ANSES issued an internal request with a view to providing scientific support to improve prevention of exposure to SARS-CoV-2 in the workplace, outside the healthcare sector. This mainly concerns occupational activities in the agri-food sector and its supply chain, sanitation and waste management, equipment maintenance to ensure the continuity of utilities supplying the entire population (water, gas, electricity, etc.), shops, transport and law enforcement.
ANSES’s recommendations draw on the Agency's previous expert appraisals in occupational health, and on the reports and official websites of recognised French and international institutions in this field, in particular the US Occupational Safety and Health Agency (OSHA) guide "Guidance on preparing workplaces for COVID-19" published in March 2020.
The guidelines proposed by the Agency are general principles to be implemented by employers. They are supplemented by the Ministry of Labour's practical data sheets on preventive measures to be taken for specific occupations or sectors.
General guidelines recommended by ANSES
According to the French Labour Code (Article R4421-1 et seq.), if there is a risk to the health or safety of workers, any exposure to the biological agent in question must be avoided. When exposure cannot be avoided, it should be reduced by taking a series of incremental measures.
When it is not possible to eliminate the hazard, as is the case with a number of work situations in the current epidemic context, measures to limit the risks of exposure to the SARS-CoV-2 virus must take into account the main transmission routes identified: direct transmission via expelled droplets and indirect transmission via hand-to-mouth or hand-to-face contact after touching contaminated items.
Before implementing any specific technical or organisational preventive measures, the employer must ensure strict application of the basic principles of preventing infection by the SARS-CoV-2 virus, namely social distancing measures and the "barrier gestures" recommended by the health authorities (frequent hand washing with soap or an alcohol-based solution, sneezing into your elbow or into a disposable tissue).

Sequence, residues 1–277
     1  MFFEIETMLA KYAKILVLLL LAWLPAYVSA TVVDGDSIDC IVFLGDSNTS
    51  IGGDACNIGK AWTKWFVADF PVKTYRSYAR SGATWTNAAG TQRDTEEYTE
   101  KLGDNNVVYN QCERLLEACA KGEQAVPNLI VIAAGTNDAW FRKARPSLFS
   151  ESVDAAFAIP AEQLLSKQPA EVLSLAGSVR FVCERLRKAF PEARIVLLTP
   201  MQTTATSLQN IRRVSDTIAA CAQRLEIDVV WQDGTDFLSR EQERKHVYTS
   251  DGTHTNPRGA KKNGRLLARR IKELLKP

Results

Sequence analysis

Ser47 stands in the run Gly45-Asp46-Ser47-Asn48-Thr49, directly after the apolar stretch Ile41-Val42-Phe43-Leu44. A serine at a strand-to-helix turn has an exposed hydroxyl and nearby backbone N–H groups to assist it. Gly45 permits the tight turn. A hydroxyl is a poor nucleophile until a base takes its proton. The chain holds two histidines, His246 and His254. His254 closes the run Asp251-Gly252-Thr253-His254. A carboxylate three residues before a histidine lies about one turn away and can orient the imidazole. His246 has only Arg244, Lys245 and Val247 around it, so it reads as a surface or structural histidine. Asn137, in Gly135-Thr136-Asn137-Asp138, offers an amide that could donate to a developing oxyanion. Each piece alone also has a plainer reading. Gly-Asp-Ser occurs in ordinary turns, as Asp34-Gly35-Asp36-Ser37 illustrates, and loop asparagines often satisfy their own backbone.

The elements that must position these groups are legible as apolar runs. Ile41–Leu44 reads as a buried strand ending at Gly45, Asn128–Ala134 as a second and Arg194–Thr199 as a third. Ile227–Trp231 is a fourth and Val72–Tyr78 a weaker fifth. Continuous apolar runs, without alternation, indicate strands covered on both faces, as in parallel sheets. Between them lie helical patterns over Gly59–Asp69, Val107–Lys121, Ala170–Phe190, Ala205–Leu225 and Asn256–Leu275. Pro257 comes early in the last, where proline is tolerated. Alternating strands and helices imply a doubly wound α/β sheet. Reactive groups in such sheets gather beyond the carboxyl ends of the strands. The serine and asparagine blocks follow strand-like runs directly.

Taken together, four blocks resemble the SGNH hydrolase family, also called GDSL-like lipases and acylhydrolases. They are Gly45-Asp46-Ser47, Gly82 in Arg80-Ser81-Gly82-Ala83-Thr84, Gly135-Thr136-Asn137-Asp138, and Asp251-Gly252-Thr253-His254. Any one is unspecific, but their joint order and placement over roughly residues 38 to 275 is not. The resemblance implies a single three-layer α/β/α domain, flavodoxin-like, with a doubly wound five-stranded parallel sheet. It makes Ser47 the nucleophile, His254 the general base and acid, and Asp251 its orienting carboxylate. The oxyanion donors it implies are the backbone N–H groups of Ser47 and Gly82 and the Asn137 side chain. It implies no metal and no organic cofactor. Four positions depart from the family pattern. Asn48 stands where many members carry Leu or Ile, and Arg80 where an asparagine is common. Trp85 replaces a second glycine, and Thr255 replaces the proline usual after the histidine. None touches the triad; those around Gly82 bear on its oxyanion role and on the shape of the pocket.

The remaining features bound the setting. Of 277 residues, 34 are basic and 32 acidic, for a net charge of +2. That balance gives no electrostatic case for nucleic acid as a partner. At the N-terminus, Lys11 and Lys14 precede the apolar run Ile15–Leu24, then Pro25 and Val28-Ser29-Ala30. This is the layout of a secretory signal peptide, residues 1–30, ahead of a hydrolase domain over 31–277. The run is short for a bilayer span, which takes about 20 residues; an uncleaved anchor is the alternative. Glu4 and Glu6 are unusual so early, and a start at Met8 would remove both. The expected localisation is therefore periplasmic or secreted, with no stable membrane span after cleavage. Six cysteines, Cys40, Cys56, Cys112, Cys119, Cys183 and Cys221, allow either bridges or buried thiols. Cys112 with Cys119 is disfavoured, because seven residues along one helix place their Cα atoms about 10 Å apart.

There are four types of specific protective or risk reduction measures that the employer can put in place:
- technical measures, which aim to reduce the risks associated with the employees’ work situation. These include limiting the quantity of droplets in a given space by implementing dilution measures such as aeration and/or ventilation, or installing physical barriers such as "sneeze guards" for activities in contact with the public;
- organisational measures, which generally involve adapting work policy or procedures to reduce or minimise exposure to a hazard. When organisational measures cannot be implemented for every work situation, particularly outside the employer's premises (e.g. home visits or deliveries), the protective provisions from the other categories of measures should be strengthened;
- adoption of practices that promote safety at the work station, in order to reduce the duration, frequency or intensity of exposure to a hazard, and including the "barrier gestures" that constitute an essential basis for the prevention of transmission risks;
- use of personal protective equipment or adapted work equipment: in the current epidemic context, this may include gloves, goggles, face shields or masks.
ANSES stresses that none of the measures taken in application of these principles is effective by itself. Observing all of the provisions, especially the barrier gestures, will help achieve a satisfactory overall level of protection.
Masks: an additional source of protection if used correctly
Regarding personal protective equipment (PPE) and work equipment, ANSES stresses that although these can help prevent certain types of exposure if used correctly, they should not replace the other measures defined in the prevention strategy.
Masks may have high theoretical effectiveness when tested in a laboratory, but this does not necessarily reflect their performance in real conditions of use, which may be limited. To ensure that wearing a mask effectively supplements the other measures to be taken to reduce the risk of exposure, ANSES reiterates that the mask must fit snugly on the face, be worn correctly according to the instructions for use, and be handled, stored and disposed of properly, according to the manufacturer's instructions. Particular care should be taken to avoid any gestures towards the face that may arise from wearing the mask.
The government has turned to French industry for a supply of alternative masks. Such devices, designed in the emergency context of the current epidemic, are not considered as PPE under the regulatory definition, but rather as work equipment. However, if they are worn by workers in sectors other than healthcare, they may reduce the risk of exposure to SARS-CoV-2. As with any mask, correct use will also require rigorous compliance with "barrier gestures" and careful handling to avoid soiling the mask.